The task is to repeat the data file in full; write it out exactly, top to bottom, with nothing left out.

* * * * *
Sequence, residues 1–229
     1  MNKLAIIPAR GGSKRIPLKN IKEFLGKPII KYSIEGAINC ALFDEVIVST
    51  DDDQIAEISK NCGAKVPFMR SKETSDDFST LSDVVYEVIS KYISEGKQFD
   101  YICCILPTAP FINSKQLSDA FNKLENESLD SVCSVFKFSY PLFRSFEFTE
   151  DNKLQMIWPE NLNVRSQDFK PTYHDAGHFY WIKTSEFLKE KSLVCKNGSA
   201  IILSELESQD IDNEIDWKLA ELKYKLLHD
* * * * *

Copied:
Sequence, residues 1–229
     1  MNKLAIIPAR GGSKRIPLKN IKEFLGKPII KYSIEGAINC ALFDEVIVST
    51  DDDQIAEISK NCGAKVPFMR SKETSDDFST LSDVVYEVIS KYISEGKQFD
   101  YICCILPTAP FINSKQLSDA FNKLENESLD SVCSVFKFSY PLFRSFEFTE
   151  DNKLQMIWPE NLNVRSQDFK PTYHDAGHFY WIKTSEFLKE KSLVCKNGSA
   201  IILSELESQD IDNEIDWKLA ELKYKLLHD